Communicating a better future

Ten years ago, I moved with my family to our present home in Mountain View, California. Mountain View is the home of Google, in the heart of Silicon Valley—two towns over in one direction lies Stanford University and Facebook, and two towns in the other direction lies Apple.

We moved because of a job offer for me, but we had other reasons for moving, too: we had always wanted to try living in a completely different environment than the East Coast.  I felt compelled to take on an elevated leadership and management role at my new job. And our kids were juuuussst young enough to make the transition from our friends and our extended family members a little less frightening.

In moving to California, I left what turned out to be my most beloved work situation; ten years at the Robert Wood Johnson Foundation, working in communications. During my time there, I worked on an amazingly rich array of subject matter—uninsured Americans, supportive services for older people,  unacceptable inequities in how groups of color accessed healthcare services. And every day was a learning curve, when it came to understanding the content I was communicating about (nostalgia alert: that used to be considered an important attribute of being an effective communicator, and someday, I hope it will count again).

To boil down what I learned: pretty much everything can have an impact on your health. Where you live, the educational backgrounds of your parents, your cultural beliefs and norms, whether your community has access to fresh fruits and vegetables, whether you have insurance, whether you have enough insurance, whether you can access care in a doctor’s office or hospital, whether the care you receive is the right care for your issue, and is delivered in a empathetic, culturally sensitive way, whether you can master new routines and behaviors related to a chronic disease—everything, literally everything matters. And at Robert Wood Johnson Foundation, we actually worked on almost everything. About the only thing we didn’t work on was genetics—i.e., the hereditary blueprints we inherit from our parents and ancestors.

Now: communicating about these issues was not easy. I don’t think communicating about any massive social challenge—like improving education, or the criminal justice system—is easy. After spending some time communicating about these social challenges, I’m pretty sure I would find it far easier to communicate about, say, a new brand of ice cream. So when it came to communicating about complex social challenges like a person’s health or healthcare—well, let’s just say that we had to pick our shots and constantly figure out where we were in the lifecycle of people even understanding why something mattered. Like: it sometimes felt hellishly tough to communicate about the challenges faced by people lacking health insurance, simply because for the people who DID have insurance, they often couldn’t be bothered to care about the literally millions of other people who didn’t.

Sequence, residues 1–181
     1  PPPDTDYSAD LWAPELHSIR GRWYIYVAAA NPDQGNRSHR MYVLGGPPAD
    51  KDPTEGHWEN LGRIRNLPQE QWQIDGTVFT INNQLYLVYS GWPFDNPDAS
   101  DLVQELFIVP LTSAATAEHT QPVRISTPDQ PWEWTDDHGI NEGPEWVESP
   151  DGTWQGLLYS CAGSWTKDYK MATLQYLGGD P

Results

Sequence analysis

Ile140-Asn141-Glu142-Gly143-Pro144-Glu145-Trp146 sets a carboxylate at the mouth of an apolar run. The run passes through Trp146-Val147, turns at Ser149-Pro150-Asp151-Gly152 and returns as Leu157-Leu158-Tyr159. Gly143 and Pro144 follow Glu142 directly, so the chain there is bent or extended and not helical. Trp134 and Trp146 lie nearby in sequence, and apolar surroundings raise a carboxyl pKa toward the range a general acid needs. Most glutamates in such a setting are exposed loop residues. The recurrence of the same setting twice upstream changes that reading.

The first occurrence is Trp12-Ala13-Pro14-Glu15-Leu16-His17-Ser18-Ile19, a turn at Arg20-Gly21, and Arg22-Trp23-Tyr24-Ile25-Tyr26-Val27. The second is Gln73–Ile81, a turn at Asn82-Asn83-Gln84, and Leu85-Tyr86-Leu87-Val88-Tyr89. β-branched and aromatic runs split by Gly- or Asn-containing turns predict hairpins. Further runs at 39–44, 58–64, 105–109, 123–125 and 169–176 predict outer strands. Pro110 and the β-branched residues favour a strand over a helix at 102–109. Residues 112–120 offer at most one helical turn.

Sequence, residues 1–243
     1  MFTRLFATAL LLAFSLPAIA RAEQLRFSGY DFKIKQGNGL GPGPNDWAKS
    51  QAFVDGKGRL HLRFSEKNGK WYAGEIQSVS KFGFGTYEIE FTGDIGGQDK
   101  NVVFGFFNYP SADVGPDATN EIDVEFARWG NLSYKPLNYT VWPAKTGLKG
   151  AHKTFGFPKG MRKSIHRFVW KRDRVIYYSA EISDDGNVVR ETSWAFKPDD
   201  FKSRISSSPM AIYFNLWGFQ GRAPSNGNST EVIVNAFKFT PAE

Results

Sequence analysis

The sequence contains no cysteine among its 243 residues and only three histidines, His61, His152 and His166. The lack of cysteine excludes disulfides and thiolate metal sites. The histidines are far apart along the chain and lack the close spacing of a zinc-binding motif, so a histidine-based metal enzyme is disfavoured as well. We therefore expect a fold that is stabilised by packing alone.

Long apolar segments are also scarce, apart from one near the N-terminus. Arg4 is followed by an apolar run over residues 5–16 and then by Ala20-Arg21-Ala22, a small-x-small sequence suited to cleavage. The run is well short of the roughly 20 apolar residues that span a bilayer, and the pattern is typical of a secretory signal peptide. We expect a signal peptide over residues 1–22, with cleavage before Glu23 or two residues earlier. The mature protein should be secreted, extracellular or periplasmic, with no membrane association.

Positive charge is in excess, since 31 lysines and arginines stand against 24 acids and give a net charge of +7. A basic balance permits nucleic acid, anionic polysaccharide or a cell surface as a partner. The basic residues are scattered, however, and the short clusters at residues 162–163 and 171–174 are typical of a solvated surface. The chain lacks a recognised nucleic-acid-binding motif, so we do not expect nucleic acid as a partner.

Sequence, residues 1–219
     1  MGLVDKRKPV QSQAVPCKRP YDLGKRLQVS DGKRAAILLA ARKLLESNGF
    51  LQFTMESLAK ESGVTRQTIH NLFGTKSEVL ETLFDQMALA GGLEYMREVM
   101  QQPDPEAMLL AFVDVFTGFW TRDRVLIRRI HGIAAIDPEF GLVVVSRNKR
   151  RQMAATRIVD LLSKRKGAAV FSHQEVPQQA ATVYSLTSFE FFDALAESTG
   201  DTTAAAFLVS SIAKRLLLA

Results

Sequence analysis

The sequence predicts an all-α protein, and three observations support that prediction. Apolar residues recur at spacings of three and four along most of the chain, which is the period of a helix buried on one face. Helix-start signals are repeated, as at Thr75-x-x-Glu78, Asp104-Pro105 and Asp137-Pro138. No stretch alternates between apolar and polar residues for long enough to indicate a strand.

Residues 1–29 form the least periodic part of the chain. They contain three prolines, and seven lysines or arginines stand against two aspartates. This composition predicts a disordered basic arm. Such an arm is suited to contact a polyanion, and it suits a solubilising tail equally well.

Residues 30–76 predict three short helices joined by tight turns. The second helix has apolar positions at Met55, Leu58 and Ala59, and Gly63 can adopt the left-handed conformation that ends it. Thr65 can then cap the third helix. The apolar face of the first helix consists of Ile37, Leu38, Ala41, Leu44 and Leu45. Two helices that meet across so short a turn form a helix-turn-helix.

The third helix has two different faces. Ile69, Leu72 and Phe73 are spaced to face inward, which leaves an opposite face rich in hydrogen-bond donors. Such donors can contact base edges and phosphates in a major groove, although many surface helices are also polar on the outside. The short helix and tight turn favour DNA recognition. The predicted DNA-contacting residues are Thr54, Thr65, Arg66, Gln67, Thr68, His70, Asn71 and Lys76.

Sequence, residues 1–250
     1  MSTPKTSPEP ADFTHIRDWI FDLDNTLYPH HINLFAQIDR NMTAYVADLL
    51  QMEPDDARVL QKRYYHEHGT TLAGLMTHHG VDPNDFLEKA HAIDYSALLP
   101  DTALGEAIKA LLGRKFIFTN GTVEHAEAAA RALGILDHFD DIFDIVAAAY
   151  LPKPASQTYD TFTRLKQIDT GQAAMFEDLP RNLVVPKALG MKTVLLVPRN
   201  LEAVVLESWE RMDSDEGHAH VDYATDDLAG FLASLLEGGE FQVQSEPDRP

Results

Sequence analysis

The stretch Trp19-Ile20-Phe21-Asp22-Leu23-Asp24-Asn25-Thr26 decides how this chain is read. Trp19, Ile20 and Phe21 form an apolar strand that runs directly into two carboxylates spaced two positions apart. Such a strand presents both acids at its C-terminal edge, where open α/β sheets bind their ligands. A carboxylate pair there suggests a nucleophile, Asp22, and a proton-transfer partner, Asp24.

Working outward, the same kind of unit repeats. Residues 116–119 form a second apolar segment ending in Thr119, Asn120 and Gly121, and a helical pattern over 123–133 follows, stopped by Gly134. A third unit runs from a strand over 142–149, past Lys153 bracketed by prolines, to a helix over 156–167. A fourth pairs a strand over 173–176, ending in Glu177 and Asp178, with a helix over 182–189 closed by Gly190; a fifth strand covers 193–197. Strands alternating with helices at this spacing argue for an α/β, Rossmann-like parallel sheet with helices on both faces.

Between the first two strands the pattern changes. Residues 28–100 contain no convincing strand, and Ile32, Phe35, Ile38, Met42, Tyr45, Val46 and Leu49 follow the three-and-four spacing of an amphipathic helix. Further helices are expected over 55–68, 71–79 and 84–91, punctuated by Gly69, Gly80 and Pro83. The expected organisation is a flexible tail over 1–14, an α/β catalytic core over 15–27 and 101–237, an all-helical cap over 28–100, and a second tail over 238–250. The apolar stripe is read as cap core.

(This, by the way, is one of the truly sad and peculiar quirks about American culture: we don’t seem to understand that when we help everyone, everyone benefits. An oft-used cliché we used to explain this: “A rising tide lifts all boats.” Unfortunately, many Americans have adopted a different motto, especially under Trump, which is, “F–k everyone who doesn’t have a boat already.”)

Facing communication challenges like that, we often had to, as I said, pick our shots and also, stage things carefully. So first we had to determine: where are people at when it comes to their awareness that this issue is a problem? (The answer is almost always, by the way, COMPLETELY CLUELESS.) And if we were dealing with a low awareness of the problem, then we’d have to define the problem, and find emotional, engaging ways to communicate both the research that demonstrated the extent of the problem and also, the very real, heart-wrenching, human stories at the heart of the problem.

So, to take my earlier example on uninsured Americans: we communicated about research that illuminated the challenges uninsured Americans face. We also shared stories of the incredibly brutal economic choices faced by hard-working Americans who worked three jobs, yet still couldn’t afford treatment for cancer. (Thus debunking the common message from conservatives that people who lack insurance are somehow “lazy.”) We built coalitions across political lines (nostalgia alert: it was a time when one could still do that).

I look back on this time with RWJF and I feel like I had the opportunity to learn the most and do some of my best work as a communicator, then. But despite feeling proud of the impact that my colleagues and I helped to create, I still look back on the communications challenges I and others worked on and wonder: were we too focused on the problems? Did we spend too much time communicating, over and over again, about the extent of the problem and who was suffering the most? Did we not focus enough on communicating about the possible future we were hoping to create?